#UofTGrad16: Highlights of Convocation 2016

(photos and video by Johnny Guatto)

Sunny and 23. During the University of Toronto's three weeks of convocation this spring, that was the typical forecast.

It could also describe many of the 18,000-strong Class of 2016, including the 13,500 students who crossed the stage of Convocation Hall as friends and family applauded their years of curiosity, study, creativity and perseverance. 

“Sometimes we get these lucky breaks with the weather,” said Silvia Rosatone, director of Convocation. “It was not like this last year. But the climate inside Convocation Hall is always good.

“That forecast never fails.”

Among those graduating: Clive Davies, 79, who received his BA as a history specialist in Woodsworth College, where he started his undergraduate journey in 1977.

Davies' charm and wisdom so captivated media that the retired police officer and busy dog breeder graciously made time during convocation for interviews with CBC, the Toronto Sun, Metro and more.

“I have an enormous sense of pride that I am graduating with honours from one of the great universities of the world,” Davies said before the big day on June 10. “That is an great satisfaction to me.

“It is a destination worth all of the effort and the trials and tribulations. That will be my moment.”

Read more about Clive Davies

Preparations for spring convocation began long before the first ceremony on May 31. It took 12 weeks to ready the 13,500 parchments (diplomas) for the Class of 2016, from labelling and stuffing envelope to triple-checking that names and degrees were correct.

And for those same 12 weeks nobody was allowed to walk across the Convocation Plaza lawn, as it was readied for its time in the spotlight.

Then this happened:


But Convocation Plaza wasn't the only hot spot to see grads this year.  

On June 8 the TORONTO sign in front of City Hall in Nathan Phillips Square was lit in U of T blue and white.

And student volunteers from the Blue & Gold Committee of the Faculty of Applied Science & Engineering knew just what to do to make the iconic tourist attraction perfect.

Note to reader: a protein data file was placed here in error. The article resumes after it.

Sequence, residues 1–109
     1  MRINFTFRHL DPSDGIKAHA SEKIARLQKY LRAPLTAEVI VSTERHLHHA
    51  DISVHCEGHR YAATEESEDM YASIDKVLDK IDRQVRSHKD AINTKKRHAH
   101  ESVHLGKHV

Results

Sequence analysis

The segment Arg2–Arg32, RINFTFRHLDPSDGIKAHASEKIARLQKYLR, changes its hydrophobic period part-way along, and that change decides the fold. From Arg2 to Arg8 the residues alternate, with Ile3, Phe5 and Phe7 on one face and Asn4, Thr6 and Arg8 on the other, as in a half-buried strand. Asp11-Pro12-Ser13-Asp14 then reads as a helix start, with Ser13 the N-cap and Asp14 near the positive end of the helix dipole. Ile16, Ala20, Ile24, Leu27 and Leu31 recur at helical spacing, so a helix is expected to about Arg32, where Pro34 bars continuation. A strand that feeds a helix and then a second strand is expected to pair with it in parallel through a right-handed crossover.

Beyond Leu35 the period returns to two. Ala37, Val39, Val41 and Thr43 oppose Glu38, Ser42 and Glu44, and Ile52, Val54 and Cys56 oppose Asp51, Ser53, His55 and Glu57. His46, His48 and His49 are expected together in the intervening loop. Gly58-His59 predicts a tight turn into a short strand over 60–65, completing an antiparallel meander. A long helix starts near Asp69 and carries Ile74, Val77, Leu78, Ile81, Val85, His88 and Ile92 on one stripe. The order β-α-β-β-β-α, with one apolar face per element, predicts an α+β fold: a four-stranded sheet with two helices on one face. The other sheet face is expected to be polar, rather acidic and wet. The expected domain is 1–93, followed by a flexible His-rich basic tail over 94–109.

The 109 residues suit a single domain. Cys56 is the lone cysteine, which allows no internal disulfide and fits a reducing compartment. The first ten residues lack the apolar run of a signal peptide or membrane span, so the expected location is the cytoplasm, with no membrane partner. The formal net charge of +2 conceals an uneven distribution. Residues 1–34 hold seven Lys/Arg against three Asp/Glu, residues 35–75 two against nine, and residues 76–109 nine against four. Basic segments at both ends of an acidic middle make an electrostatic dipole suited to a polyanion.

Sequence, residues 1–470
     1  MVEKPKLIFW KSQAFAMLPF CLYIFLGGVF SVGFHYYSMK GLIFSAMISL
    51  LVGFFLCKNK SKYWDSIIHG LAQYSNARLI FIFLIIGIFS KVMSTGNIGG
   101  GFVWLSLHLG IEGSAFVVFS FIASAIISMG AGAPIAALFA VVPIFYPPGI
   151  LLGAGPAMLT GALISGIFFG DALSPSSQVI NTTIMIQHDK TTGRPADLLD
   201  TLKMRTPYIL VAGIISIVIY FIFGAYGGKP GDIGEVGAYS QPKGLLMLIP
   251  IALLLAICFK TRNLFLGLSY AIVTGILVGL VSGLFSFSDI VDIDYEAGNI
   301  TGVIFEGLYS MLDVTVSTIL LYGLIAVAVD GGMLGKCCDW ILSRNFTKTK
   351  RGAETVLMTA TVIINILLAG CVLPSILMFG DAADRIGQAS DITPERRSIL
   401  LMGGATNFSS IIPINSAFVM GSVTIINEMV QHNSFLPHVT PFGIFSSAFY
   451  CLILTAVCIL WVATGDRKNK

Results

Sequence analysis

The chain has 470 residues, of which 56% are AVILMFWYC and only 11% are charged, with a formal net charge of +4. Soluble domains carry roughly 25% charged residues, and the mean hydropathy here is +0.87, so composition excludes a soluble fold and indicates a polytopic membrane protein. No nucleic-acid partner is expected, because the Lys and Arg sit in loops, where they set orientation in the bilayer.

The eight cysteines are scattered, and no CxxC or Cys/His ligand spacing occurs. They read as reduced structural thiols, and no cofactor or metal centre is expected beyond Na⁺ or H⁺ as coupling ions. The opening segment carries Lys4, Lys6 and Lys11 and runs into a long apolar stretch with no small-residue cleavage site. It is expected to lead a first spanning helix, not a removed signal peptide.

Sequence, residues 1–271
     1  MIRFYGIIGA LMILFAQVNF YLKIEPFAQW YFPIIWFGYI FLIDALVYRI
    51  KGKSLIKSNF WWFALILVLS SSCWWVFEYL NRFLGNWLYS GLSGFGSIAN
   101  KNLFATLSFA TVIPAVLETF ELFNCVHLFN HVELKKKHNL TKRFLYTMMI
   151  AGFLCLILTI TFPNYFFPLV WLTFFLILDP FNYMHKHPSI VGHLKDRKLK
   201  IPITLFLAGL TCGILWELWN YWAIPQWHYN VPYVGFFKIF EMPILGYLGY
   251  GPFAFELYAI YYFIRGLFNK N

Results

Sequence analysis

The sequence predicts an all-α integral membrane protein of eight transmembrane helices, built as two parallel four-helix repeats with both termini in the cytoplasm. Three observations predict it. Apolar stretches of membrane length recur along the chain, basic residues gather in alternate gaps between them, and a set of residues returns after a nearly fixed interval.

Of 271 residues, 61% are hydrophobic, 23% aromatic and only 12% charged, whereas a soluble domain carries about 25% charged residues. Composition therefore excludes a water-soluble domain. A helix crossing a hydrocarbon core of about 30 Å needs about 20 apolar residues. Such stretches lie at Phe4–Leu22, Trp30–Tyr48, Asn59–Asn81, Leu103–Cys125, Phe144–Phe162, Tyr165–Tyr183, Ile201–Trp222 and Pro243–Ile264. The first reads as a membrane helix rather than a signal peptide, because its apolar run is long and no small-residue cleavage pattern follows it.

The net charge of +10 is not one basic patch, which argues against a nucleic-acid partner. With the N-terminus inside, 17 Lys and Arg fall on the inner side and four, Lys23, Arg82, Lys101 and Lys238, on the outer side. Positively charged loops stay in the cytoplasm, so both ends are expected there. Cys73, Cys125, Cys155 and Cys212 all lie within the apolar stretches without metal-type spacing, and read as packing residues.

“As engineering students, we aren’t strangers to hard work and short timelines, and the desire to help our community is much stronger than our worries about the difficulties of finishing a task,” said Joshua Calafato, co-chair with Ozan Coskun of the committee. 

Coskun, a mechanical engineering student, agreed to design the extra letters. While visiting family in Istanbul. Once he had the appropriate dimensions and font, Coskun sent the plans across the Atlantic, where Calafato, an engineerinng science student with a major in electrical engineering, had assembled a team of eight volunteers who were good with their hands.

“We were able to finish construction in about four hours, and painted them in an hour,” Calafato said. “All in all, we finished working just before midnight Tuesday night.”

Read more about how the engineering students put the U in U of Toronto

The storied Convocation Hall held 25 individual ceremonies over three weeks and included the awarding of:

  • 340 doctoral degrees 
  • 1,086 professional degrees (such as pharmacists, medical doctors and lawyers)
  • 2,539  master’s degrees 
  • 9,804 bachelor degrees

To make sure each grad was given due recognition, 40 volunteer readers practised saying the names in a bootcamp organized by linguistic experts and U of T's opera stage director .

Read more about the bootcamp

Many of U of T's newest alumni, their families, friends and profs shared their experiences on social media:

See highlights from week one

See highlights from week two

See highlights from week three

And while some grads have already been snapped up by employers (the prestigious architecture firm of Janet Rosenberg, for example, just hired these three landscape architects) others are continuing on with their studies.

Faculty of Arts & Science grads James Flynn, Kaleem Hawa and Jessica Phillips are headed to the University of Oxford as Rhodes Scholars. 

“I feel I’ve learned a lot from really, really good professors,” said Hawa, a double major from Trinity College in international relations and global health. “And it’s a beautiful campus in a big metropolitan centre. You get the best of both worlds.”

Read more about the Rhodes Scholars

U of T's top grad, Mihil Patel, is off to medical school. The recipient of the John Black Aird award, Patel worked academic wonders at the University of Toronto Scarborough as a neuroscience specialist but also found time to volunteer as a caregiver to patients with Alzheimer’s and other neurodegenerative diseases at Rouge Valley Centenary Hospital.

“Compassion can go a long way, so I tried to make sure they were as comfortable as possible, to gain their trust but also know when to pull back and let them do certain things on their own,” Patel said. “I feel that people need to feel that element of dignity, no matter how sick they are.”

Read more about Mihil Patel